Raegan Shepherd will be in the spotlight Saturday, doing what she loves to do.
The 12-year-old Port Huron resident will perform with the Port Huron Figure Skating Club, spinning and twirling across the ice at McMorran Arena during the club’s annual show. Performances are at 1 and 7 p.m.
But what most spectators won’t know was seven weeks ago, Raegan had experimental scoliosis surgery.
“It’s really a newer surgery that people are not aware of,” said Raegan’s mom, Leann. “She was back on the ice in five weeks.
“She had an over 100-degree curve in her spine. Today, it’s 37 1/2 degrees.”
Scoliosis is a disorder in which there is a sideways curve of the spine. Curves can be S-shaped or C-shaped. In most people, the cause of the curve is not known.
Leann Shepherd said her daughter had the experimental surgery Jan 8 — “A date I’ll never forget” — at St. Peter’s University Hospital in New Brunswick, New Jersey.
The surgery, and Dr. Baron Lonner, a scoliosis specialist at Mount Sinai Health Systems in New York, recently were in the news when champion ballroom dancer Anastasia Machenko, 17, was featured in an ABC News report.
According to the news report, Machenko’s upper spine had 76-degree curve and her lower spine had a 66-degree curve. After her treatment, Marchenko said she hopes to continue her dancing career.
Lonner’s treatment, which is not approved by the Food and Drug Administration, is called tethering. It uses screws attached to the vertebrae and flexible cords to pull the spine into alignment.
Shepherd said standard surgery for scoliosis involves placing metal rods on either side of the spine and using a piece of hipbone to fuse the most affected vertebrae together. The drawback is loss of flexibility and mobility.
“Because she was such an active 12-year-old, we couldn’t see her losing mobility,” she said. “You can’t bend from side to side when you have rods on either side of your spine.”
She said she and her husband, Scott, found out about the treatment from Raegan’s figure skating coach.
“They put a screw in each vertebrae that is affected by the curve and attach a tether, a rope basically, through each screw and pull it tight as far as they can get it for the most effectiveness,” Shepherd said.
“Her body, with the growth she has left over, is able to grow,” Shepherd said. “Because the vertebrae are straight, she will be able to grow straight now.”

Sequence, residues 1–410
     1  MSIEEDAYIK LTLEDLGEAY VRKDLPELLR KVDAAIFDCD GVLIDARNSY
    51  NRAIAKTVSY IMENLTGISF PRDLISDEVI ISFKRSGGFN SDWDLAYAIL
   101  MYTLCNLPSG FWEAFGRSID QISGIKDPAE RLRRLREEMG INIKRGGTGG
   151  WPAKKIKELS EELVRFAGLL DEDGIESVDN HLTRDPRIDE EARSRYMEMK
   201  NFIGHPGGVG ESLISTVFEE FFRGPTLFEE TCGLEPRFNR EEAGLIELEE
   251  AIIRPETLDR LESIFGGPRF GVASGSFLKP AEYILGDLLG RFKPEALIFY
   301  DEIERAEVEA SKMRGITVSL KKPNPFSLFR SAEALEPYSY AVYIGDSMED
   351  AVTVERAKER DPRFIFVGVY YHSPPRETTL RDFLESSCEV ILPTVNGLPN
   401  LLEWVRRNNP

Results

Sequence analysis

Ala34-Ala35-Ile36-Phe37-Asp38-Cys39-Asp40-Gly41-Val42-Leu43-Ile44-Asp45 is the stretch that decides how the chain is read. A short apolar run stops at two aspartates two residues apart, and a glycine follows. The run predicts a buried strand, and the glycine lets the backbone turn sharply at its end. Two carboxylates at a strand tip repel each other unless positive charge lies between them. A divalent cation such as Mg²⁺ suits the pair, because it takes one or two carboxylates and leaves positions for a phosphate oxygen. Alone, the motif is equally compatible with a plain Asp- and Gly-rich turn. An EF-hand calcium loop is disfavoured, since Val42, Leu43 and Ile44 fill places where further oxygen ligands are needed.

She said Raegan was cleared to return to the ice five weeks after the surgery.
“She loves figure skating, she’s good at it and she feels comfortable out there,” Shepherd said.
Raegan had competed in November before the surgery and had tested up to senior level.
“I’m amazed by how much easier some of the things are for her to accomplish now,” Shepherd said.
“Her spiral was the most beautiful I’ve ever seen it. I screamed out loud in the arena.”
So to reduce the danger, the plucky girl who just turned 13 is spending a few months at the Greenville Shriners Hospital for Children undergoing a new treatment that slowly straightens her spine through traction using a device that is screwed into her skull.
After about a month of the treatment, she’s happy to report, she’s already gained an inch in height. She’s feeling better as well.
“Before all this, I just used to hurt every day and I couldn’t sit straight and everything was just one big mess,” Meredith said.
“Since this traction, I’ve been able to breathe a little bit better and felt straighter,” she added. “And there’s less pain, too.”
The device is a round metal fixator like those used to immobilize the heads of patients who’ve broken their necks, said Dr. J. Michael Wattenbarger, a pediatric orthopedic surgeon and chief of staff at the hospital.
In this case, it’s used for children who have severe scoliosis, he said.
And it’s attached to the skull by eight screws — two in front and three in back on each side.
Stretching the spine
Called halos, they are attached to an overhead pulley system that slowly adds pressure to pull up the spine.